• Please send your full manuscript to: jocm@vip.163.com

Competition between Free Open Source, Commercial Open Source and Proprietary Software

Mingqing Xing
School of Economics and Management, Weifang University, Weifang, China
Abstract—This paper investigates competition between open source and proprietary software. Open source software is divided into two types: free open source and commercial open source. Free open source software can be available from the not-for-profit community, and Commercial open source software is software product based on free open source software. The usability of both free and commercial open source software is assumed to be inferior to proprietary software. It finds that: (i) when commercial open source vendor faces competition from proprietary software and free open source software, it may still be able to obtain profits; (ii) commercial open source vendor’s pricing (resp. share or profit) may still be much lower (resp. less) than that of proprietary vendor even if its software functionality is not inferior to proprietary software; (iii) commercial open source vendor’s pricing and profit may not increase as its software usability increases; (iv) proprietary software’s price decreases with the usability of commercial open source software.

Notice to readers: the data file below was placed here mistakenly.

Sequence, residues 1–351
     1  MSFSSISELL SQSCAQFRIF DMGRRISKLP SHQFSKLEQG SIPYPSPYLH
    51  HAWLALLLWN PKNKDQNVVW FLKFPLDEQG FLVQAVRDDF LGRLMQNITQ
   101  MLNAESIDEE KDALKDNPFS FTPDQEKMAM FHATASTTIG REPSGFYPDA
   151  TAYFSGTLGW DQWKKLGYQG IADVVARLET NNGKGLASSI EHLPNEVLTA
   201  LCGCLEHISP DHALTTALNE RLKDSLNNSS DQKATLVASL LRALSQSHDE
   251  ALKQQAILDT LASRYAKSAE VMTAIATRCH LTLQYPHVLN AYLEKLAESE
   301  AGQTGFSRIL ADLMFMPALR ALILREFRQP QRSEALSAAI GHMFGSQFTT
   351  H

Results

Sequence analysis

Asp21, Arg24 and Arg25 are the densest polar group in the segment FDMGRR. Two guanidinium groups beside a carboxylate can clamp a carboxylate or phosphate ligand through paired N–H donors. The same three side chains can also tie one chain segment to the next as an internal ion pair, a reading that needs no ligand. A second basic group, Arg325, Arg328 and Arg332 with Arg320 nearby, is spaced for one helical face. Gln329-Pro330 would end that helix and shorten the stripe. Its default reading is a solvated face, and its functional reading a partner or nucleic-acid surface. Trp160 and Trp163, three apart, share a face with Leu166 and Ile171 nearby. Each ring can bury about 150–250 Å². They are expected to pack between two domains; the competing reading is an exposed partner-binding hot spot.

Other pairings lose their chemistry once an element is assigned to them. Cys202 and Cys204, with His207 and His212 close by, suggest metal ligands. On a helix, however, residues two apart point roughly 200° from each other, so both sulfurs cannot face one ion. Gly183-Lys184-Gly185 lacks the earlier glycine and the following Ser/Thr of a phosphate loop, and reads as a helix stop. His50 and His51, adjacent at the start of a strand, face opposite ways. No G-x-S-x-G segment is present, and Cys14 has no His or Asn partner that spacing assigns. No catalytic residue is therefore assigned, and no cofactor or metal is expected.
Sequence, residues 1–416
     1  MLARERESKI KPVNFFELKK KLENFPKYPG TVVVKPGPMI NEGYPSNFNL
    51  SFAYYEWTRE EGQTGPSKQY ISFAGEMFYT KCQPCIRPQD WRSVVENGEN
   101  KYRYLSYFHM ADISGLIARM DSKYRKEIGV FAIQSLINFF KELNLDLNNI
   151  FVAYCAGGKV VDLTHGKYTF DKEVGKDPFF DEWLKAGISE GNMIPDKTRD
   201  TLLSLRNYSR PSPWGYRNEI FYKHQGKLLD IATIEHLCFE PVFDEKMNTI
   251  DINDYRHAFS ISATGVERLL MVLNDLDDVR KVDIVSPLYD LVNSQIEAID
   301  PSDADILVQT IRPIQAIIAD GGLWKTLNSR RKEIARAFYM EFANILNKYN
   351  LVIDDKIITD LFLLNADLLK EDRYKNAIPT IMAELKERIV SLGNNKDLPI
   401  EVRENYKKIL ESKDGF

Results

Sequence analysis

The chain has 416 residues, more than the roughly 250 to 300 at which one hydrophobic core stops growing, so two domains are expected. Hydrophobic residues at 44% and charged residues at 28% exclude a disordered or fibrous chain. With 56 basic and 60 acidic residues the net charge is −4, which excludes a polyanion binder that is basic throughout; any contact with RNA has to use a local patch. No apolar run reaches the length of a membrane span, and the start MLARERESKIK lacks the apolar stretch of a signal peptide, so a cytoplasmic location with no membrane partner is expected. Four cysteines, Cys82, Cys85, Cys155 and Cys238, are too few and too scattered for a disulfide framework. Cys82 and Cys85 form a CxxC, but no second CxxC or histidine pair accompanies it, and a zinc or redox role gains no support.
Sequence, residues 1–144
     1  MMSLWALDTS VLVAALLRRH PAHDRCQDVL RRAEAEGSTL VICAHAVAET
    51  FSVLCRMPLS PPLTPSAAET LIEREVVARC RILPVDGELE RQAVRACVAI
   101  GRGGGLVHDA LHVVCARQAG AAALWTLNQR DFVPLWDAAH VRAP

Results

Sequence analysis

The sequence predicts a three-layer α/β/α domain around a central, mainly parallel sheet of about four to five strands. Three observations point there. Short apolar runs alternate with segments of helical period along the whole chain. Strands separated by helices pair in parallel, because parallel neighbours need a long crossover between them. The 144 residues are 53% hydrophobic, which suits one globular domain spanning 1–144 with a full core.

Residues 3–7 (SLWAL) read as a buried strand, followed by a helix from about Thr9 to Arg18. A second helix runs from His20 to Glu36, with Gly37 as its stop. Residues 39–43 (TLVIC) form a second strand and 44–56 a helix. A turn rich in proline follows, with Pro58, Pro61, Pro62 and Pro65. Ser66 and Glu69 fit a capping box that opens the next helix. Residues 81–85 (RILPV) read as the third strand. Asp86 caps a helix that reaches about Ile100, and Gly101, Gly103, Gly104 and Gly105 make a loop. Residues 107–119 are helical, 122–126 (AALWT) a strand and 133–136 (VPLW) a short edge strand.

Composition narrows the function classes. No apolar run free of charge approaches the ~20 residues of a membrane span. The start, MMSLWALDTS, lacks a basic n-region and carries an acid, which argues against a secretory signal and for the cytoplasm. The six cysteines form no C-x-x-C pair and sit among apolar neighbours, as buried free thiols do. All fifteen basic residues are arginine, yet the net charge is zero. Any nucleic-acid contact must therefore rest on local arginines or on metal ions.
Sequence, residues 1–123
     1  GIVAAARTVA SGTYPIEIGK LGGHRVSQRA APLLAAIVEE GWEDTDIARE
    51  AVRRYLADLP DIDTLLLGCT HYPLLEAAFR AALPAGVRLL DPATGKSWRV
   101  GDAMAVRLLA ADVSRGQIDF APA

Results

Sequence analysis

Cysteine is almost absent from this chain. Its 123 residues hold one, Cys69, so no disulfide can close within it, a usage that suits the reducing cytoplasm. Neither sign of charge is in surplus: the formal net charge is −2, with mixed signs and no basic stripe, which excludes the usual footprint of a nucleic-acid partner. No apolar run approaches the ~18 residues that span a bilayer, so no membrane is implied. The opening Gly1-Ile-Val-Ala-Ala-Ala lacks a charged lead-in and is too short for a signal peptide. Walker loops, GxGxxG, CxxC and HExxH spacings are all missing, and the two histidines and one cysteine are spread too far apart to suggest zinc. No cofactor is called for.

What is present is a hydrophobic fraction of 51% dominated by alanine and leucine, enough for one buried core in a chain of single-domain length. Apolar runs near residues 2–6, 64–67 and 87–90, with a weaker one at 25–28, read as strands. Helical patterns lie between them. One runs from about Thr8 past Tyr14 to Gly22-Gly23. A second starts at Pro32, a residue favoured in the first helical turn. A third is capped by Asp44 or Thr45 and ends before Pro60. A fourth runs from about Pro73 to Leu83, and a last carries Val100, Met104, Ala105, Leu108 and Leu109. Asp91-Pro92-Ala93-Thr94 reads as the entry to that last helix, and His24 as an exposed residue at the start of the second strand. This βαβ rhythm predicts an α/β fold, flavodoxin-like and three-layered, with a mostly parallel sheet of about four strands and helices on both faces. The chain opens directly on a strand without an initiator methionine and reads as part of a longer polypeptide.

Index Terms—proprietary software, open source software, price competition, software features, software usability

Cite: Mingqing Xing, "Competition between Free Open Source, Commercial Open Source and Proprietary Software," Journal of Communications, vol. 8, no. 10, pp. 665-671, 2013. doi: 10.12720/jcm.8.10.665-671
Copyright © 2013-2020 Journal of Communications, All Rights Reserved
E-mail: jcm@etpub.com